Traditional meal prepping has never worked for me.
At least, not the idea of meal prepping I saw on Instagram and read about in books. All I saw were images of grilled chicken and broccoli in perfectly modular lines, specifically portioned out to hit the macros of the day, every single calorie planned out in advance.
That’s not how I eat. I’m busy in a way that changes daily. Some days I’m home all day, others I may be out and about for 15 hours straight, so my activity level vary widely. My moods also change from day to day, so planning the same meals for a whole week is a great way to get me to waste food. I needed a method that would give me the flexibility to make decisions in the morning and on the fly, that I could customize depending on the day ahead.
Here’s a method that finally worked for me. It’s what I call “Flex Meal Prep.” Since I’m an experienced cook, I can wing it most days without too many menu missteps, but if you’re new to cooking, the Whole30 book has fantastic basics. For meal prepping, I recommend keeping it at basics so you don’t lose your mind. I will try 1-2 new recipes at most each prep day. It helps to have some classic recipes in your back pocket that are easy and goof-proof (like slow-cooked salsa chicken – 2 ingredients, chicken and salsa, BAM).
– Don’t sweat the total portions (Since you have 2 prep days, you can always make more if you run out)
– Double or triple the food you’re in the mood for (Plan to make 4-5 portions)
– IMMEDIATELY portion food out after preparing it (Don’t make a big batch and keep it in a tub – That creates a barrier to “grab it and go”)
– Freeze 1-2 portions (Create your own Freezer Stash!)
– Use modular square or rectangular food containers to maximize fridge space (My favorites are glass Pyrex Snapware, Glasslock, Daiso glass containers, and Rubbermaid Lunchblox)
– Label every container’s lid with the date prepped using a whiteboard marker, so you can prioritize which to finish first
Step 1: Decide on 2 days a week (preferably spaced out 3-4 days) when you have the free time to get groceries and cook. These will be your prep days.
Step 2: Decide on 2-3 cooked dishes, 1-2 grains, and a few fresh vegetables/ fruits that sound good to you today. Go get the groceries for those items, about double or triple the amount you plan to eat today.
Step 3: Make everything, and immediately portion it into single servings. Eat 1 today, put 2-3 in the fridge (dated on the container), and put 1-2 portions in the freezer for later. (Soon you will build up a back-stock of amazing frozen meals.)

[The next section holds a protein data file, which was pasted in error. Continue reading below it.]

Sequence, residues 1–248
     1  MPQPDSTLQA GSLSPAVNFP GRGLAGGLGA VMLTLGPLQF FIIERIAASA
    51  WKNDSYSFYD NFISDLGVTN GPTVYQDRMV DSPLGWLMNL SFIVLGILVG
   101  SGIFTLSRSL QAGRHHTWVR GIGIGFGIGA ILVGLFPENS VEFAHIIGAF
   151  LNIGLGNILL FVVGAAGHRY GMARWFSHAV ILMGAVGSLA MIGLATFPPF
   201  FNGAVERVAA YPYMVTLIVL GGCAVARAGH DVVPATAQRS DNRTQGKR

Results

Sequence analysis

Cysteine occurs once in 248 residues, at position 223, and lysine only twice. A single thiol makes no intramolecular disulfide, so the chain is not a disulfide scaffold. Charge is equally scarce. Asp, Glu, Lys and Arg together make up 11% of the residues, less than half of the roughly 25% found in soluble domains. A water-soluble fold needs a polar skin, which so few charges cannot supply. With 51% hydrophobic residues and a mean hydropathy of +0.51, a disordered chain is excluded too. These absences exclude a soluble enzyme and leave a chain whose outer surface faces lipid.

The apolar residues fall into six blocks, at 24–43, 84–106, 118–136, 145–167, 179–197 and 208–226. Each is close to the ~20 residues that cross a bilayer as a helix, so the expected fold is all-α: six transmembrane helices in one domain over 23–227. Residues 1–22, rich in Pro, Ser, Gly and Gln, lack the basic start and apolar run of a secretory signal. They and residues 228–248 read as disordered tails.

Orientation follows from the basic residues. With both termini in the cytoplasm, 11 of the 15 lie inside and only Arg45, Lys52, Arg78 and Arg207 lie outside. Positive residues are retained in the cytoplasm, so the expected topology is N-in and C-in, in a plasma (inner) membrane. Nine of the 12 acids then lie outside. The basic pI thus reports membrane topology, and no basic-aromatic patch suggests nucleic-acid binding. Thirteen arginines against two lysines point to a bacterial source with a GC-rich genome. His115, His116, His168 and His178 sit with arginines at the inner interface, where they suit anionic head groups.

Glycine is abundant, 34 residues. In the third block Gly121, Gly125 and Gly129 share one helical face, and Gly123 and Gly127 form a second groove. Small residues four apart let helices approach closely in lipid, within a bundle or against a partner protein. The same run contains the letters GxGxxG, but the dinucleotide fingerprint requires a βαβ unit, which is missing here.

Step 4: Every time you want to eat a fresh ingredient during the week, like a cut raw vegetable or fruit, prep 2-3 times what you intend to eat in the moment. Portion the extra servings into single serve containers and put these in the fridge. Commit to finishing them in the next 2-3 days.
Here’s the meal I had for lunch, pulled from my Freezer Stash of previously prepped meals:
Here’s how I did it today:
Step 1: WHEN TO PREP. I have plenty of time on my days off, so I’m prepping this afternoon and evening while I relax. I like to give myself 4-5 hours so I can clean and goof off. (Today’s cooking took a grand total of 2 hours, plus 1 hour to clean up.)
Step 2: WHAT TO EAT. I’m going to make myself a protein item, oatmeal, vegetables, and some cut fruit. I’m not going to decide what to make until I get to the grocery store and see what’s fresh and cheap.
Step 3: START SOAKING. Start soaking anything that needs to be softened or rehydrated. If I were going to make beans, this is what I would do first, since they need a few hours to soak.
Today I’m soaking steel cut oats, as soaking makes these fluff up and cook much more quickly. I also decided I was in the mood for some comforting rice porridge with miso, so I rinsed dried shiitake mushrooms and rice and put them together in my rice cooker. I started it with a lot more water than I typically would use for that amount of rice, as it will all absorb eventually anyway.
Step 4: CHECK FOR WHAT YOU HAVE. Look for anything that needs to be used up in your pantry, particularly any fresh goods or a can that’s been sitting around for too long.
Today I need to roast up some yams and carrots I forgot about last meal prep day. And cucumbers I completely blanked about (oops).
Step 4: GROCERY SHOP. Since I’m on a budget I’ll be looking for discounted meats and vegetables that are in season.
Today I picked up zucchini, crookneck squash, chicken thighs, tangerines, 2 kinds of sausage, walnuts, bananas, and grapes.
Step 5: START SLOW COOKING.
Today I whipped up the chicken thighs in the slow cooker with some zucchini.
Step 6: PREP THE REST.
Today I prepared the following:
– Rice porridge w/ shiitake mushrooms and dashi (I’ll add the miso in after I reheat)
– Steel-cut oats with brown sugar, walnuts, & banana (I’ll add banana when I’m ready to eat, to avoid browning)
– Roasted carrots w/ lemon & honey
– Roasted yams
– Pan-fried zucchini, crookneck squash, and onion
– Raw veggies – carrot sticks, cucumber sticks
– Fruit – green grapes, fruit salad
– Portioned out – 1 package salami, 1 cup cheese crackers
Step 7: DIVIDE INTO PORTIONS. That includes any cooked items AND any ready-to-eat items that you purchase. If I get salami or ham, I immediately portion it into containers so it’s ready to go. Otherwise, it will go bad before I remember to eat it all. (I have an awful memory for food in the fridge.)
Step 8: PREP AS YOU GO. If the whim strikes you to prepare ANY food item this week, go ahead and double or triple the amount you portion out.
Step 9: EAT WHAT YOU WANT. Now you don’t have to cook until your next prep day! You’ll be able to do a second, shorter day to prep small items, and then will be able to wait about a week until your next big cookup.